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Glenn, J. (1973). Coal as an Erotic Symbol. Psychoanal. Rev., 60(2):297-300.

(1973). Psychoanalytic Review, 60(2):297-300

Coal as an Erotic Symbol

Justin Glenn, PILD

A few recorded dreams will always hold an eminent position in the history of psychoanalysis. The dream of “Irma's injection,” which first suggested to Freud the kernel of his theory of dreams, is one.1a Less famous, perhaps, but almost equally important, is the dream of “the Wagner opera,” which occupies a crucial position in Freud's Interpretation of Dreams.1b Presented about midway through the book, this dream is introduced in the course of a detailed discussion of dreamwork. Up to this point, he had limited himself basically to two major processes of dreamwork, condensation and displacement. With his interpretation of this dream (and in particular its symbolic use of a tower and coal), however, Freud launches out into the vast area of the pictorial symbolism in dreams which is so characteristic of the dreamwork. His research into symbolism proved to be perhaps the most fruitful and far-reaching contribution of this book, which he rightly regarded as his masterpiece. In view of the prominent place which this dream holds in the genesis of psychoanalysis, it is remarkable that subsequent psychoanalytic writings seem to have failed to produce any additional examples to reinforce Freud's interpretation of coal as an erotic symbol.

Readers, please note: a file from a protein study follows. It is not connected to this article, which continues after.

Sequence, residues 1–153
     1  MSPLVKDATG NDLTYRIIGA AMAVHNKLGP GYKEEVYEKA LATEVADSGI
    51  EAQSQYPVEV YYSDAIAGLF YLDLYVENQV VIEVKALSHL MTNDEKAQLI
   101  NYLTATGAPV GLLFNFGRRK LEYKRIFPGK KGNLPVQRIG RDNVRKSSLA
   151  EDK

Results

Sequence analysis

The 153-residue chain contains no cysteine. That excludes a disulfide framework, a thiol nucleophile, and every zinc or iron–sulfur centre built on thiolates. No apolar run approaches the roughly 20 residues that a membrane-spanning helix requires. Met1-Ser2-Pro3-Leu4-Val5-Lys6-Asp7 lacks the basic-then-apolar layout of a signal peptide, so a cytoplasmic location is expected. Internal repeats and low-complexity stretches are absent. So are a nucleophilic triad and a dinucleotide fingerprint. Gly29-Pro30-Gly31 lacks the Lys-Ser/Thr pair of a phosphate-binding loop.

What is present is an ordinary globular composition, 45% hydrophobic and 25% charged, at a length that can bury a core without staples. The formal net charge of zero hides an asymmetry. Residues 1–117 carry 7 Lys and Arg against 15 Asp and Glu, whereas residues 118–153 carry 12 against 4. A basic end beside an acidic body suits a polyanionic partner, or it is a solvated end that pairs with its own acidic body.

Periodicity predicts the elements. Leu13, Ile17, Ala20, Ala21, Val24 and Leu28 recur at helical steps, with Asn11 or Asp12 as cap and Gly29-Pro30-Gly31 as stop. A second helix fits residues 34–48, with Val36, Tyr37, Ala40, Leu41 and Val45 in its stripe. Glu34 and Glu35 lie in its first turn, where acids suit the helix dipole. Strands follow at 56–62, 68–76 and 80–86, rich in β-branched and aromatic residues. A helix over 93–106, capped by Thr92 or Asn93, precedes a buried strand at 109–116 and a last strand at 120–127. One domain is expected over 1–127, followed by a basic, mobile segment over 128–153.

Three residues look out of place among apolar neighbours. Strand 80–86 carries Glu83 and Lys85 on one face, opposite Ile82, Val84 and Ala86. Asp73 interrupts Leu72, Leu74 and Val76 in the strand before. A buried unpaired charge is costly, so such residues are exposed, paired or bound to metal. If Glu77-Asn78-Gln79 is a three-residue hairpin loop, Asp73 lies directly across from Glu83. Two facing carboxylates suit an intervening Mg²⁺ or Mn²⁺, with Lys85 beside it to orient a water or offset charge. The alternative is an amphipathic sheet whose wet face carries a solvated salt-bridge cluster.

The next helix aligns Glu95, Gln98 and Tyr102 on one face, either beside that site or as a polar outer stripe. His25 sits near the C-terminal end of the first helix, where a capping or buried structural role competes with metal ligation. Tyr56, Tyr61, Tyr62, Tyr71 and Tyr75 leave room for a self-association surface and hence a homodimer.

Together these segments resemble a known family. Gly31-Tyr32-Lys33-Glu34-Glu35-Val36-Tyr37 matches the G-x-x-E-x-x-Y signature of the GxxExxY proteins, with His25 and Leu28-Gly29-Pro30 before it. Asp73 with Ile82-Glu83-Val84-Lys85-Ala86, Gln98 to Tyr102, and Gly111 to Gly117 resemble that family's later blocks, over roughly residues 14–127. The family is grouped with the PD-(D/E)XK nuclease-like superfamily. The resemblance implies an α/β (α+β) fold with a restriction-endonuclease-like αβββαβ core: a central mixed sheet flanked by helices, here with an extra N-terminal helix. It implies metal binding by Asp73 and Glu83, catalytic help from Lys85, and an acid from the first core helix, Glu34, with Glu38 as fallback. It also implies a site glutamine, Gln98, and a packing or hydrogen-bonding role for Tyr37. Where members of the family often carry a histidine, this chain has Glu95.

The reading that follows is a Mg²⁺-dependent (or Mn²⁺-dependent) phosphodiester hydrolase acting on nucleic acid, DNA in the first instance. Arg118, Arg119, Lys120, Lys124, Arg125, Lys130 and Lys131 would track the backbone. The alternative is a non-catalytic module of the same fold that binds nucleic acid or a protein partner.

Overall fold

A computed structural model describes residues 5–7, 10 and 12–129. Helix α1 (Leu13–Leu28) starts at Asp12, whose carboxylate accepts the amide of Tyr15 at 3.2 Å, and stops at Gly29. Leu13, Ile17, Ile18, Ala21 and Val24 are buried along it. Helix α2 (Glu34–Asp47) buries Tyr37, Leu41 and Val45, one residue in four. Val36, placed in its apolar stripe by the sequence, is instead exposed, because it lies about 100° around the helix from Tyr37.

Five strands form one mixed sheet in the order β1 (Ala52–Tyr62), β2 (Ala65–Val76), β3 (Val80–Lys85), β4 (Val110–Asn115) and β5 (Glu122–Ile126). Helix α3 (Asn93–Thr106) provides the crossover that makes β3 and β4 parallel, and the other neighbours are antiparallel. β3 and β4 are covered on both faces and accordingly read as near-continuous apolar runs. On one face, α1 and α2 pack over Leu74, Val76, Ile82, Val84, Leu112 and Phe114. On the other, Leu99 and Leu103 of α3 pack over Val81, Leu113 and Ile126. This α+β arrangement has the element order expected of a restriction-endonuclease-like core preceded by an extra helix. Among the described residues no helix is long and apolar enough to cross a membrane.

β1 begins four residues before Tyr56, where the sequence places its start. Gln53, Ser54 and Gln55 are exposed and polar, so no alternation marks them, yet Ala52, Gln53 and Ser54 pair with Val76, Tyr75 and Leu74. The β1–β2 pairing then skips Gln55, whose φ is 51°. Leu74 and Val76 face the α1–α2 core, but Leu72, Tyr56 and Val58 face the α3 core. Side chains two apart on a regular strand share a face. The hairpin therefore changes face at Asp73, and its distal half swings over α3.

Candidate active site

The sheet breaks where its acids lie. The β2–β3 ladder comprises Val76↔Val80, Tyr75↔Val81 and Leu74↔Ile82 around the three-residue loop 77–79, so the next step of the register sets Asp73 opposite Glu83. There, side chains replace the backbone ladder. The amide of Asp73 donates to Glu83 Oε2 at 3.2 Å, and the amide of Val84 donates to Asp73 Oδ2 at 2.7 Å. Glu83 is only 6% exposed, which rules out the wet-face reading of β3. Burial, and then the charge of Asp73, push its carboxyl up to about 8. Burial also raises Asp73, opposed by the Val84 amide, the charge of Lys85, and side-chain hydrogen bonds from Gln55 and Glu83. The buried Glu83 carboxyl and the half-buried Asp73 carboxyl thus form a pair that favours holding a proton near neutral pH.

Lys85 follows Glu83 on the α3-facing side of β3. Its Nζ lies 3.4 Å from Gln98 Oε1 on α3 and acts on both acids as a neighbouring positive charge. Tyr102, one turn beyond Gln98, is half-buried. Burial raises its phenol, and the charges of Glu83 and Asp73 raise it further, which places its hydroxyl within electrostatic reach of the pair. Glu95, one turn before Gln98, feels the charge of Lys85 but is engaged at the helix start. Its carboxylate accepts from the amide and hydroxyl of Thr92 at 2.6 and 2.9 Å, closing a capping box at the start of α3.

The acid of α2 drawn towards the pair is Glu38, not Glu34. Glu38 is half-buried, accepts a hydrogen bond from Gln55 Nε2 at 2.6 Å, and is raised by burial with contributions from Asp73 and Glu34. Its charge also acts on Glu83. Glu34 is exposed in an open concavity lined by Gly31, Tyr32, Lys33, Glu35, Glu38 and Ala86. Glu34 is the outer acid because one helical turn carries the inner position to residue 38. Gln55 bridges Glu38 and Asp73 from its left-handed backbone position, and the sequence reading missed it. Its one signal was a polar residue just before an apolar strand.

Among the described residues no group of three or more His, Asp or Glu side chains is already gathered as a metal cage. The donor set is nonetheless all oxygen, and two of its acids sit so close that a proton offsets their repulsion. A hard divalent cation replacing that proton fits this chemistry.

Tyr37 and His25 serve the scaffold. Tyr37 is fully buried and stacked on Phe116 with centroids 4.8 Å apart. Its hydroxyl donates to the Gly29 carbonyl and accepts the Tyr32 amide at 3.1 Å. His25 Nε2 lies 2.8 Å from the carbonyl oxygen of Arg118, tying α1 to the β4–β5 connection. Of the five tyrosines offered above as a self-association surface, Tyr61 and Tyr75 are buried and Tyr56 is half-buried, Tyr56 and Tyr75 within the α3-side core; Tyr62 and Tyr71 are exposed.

Before proceeding further, we should pause to recall the details of the dream in question. As related to Freud by a “lady acquaintance,” it runs as follows:

She was at the opera. A Wagner opera was being performed, and had lasted till a quarter to eight in the morning. There were tables set out in the stalls, at which people were eating and drinking. Her cousin, who had just got back from his honeymoon, was sitting at one of the tables with his young wife, and an aristocrat was sitting beside them.

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